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Regular or Premium Gas

 
Old 01-12-2018, 08:00 PM
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Regular or Premium Gas

Do you put regular or premium gas? I am getting mixed review, I believe the E300 is recommended to take premium gas but does not need to.... besides the few bucks and the regular reasons. is it really necessary to use premium on a 4cyl?
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Old 01-12-2018, 08:49 PM
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Originally Posted by jhpmbusa View Post
Do you put regular or premium gas? I am getting mixed review, I believe the E300 is recommended to take premium gas but does not need to.... besides the few bucks and the regular reasons. is it really necessary to use premium on a 4cyl?

I think there will be a temp effect. Last week here in the Northeast it was brutally cold. My car (2017 E300) had no issues I only use premium gas. My wife's car (2016 GLC 300) ran a little rough till very warm and starting was rough too. She "cheats" on the gas.
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Old 01-12-2018, 10:24 PM
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I'm only using premium in my E300 because I think forced induction engines, especially small displacement ones, work very hard all the time. Especially in hot weather, I think premium fuel is important.

Also, if I read it right, Mercedes says premium fuel is required versus some cars which say premium fuel is recommended. (My Chrysler 300c was premium fuel recommended, so I used it only in hot weather...)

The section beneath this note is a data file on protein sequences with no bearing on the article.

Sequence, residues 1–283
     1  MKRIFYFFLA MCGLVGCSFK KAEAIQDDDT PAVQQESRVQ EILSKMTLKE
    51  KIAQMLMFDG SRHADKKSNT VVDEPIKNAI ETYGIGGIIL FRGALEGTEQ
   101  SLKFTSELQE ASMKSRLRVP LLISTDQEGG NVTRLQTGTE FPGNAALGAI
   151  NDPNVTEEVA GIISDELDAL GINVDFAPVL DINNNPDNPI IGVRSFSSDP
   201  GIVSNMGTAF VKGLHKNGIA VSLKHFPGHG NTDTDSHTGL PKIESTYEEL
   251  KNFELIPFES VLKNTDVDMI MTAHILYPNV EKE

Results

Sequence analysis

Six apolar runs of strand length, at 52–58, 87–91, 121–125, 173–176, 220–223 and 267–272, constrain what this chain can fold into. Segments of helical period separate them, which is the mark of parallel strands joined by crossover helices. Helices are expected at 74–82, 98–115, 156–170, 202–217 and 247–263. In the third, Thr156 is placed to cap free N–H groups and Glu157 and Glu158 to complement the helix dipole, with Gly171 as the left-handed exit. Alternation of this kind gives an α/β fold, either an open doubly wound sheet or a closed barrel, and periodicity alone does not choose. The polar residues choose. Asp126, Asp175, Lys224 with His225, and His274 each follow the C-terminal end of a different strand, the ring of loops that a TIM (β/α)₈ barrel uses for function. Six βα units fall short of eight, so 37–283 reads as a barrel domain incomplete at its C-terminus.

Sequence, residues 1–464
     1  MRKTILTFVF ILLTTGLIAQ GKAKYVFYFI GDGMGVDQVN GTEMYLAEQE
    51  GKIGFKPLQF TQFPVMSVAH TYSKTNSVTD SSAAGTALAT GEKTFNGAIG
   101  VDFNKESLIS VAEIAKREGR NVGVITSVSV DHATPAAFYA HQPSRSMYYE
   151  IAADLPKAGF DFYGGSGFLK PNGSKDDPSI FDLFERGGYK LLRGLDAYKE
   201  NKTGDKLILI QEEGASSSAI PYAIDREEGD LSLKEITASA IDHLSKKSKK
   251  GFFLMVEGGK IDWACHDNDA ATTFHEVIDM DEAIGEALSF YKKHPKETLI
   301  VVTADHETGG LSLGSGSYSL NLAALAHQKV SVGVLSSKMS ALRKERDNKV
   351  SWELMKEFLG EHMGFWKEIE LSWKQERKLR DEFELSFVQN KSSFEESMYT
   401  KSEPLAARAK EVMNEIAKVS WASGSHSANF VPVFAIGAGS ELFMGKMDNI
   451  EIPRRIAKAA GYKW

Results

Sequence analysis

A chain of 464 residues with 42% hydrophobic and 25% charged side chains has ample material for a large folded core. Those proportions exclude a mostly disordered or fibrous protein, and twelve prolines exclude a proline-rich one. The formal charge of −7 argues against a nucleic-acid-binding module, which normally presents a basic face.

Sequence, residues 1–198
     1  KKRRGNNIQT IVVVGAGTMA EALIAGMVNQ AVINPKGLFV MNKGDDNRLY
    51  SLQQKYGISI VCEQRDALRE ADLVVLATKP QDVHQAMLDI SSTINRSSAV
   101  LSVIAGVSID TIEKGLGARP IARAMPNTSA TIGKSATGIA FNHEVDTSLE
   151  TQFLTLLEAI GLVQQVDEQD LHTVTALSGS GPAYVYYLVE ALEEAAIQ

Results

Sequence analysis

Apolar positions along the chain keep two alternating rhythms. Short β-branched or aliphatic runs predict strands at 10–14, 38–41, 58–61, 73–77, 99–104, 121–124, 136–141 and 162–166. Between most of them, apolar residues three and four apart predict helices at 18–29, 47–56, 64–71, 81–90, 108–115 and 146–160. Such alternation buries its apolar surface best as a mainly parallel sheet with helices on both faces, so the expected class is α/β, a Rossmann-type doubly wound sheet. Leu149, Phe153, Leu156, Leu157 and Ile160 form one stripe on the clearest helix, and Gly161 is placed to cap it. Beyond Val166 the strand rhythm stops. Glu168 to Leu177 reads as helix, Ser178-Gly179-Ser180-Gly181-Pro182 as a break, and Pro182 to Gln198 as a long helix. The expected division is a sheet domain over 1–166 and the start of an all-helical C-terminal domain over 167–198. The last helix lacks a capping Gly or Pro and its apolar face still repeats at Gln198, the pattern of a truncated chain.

Given that premium fuel is required, I would hate to be in a situation where there is an engine issue and there is a question about warranty coverage because premium fuel wasn't used. So - cheap insurance.
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Old 01-13-2018, 01:56 AM
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Originally Posted by jhpmbusa View Post
Do you put regular or premium gas? I am getting mixed review, I believe the E300 is recommended to take premium gas but does not need to.... besides the few bucks and the regular reasons. is it really necessary to use premium on a 4cyl?
This discussion has appeared in the past...more than once.

Octane is a fuel's ability to resist "knock", which is the explosion of the air/fuel mix by compression rather than by spark. Higher compression gasoline engines generally require higher octane fuels to help prevent this pre-ignition. Lots of engineering went into developing and making your car's engine meet all of the customer and marketplace demands, such as horsepower, torque and 0 to 60 times, not to mention fuel economy; political and environmental regulations such as ethanol in this country; and the variations in fuels throughout the world, such as no European equivalent to 87 Octane Regular (they calculate Octane differently). The engineers concluded that Premium grade fuel was best.

Having said that, you might get away with using 89 Mid Grade, but I would not recommend using 87 Octane Regular. The car wasn't engineered for it, and must use the engine management and anti-knock systems to compensate for the lower octane fuel. Who knows what the long term effect is on your "expensive" car, or even the day-to-day change in performance. I mean, you didn't buy a Kia, you bought a Mercedes. Maybe it's not worth saving a couple of bucks. What do others think?
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Old 01-13-2018, 04:01 AM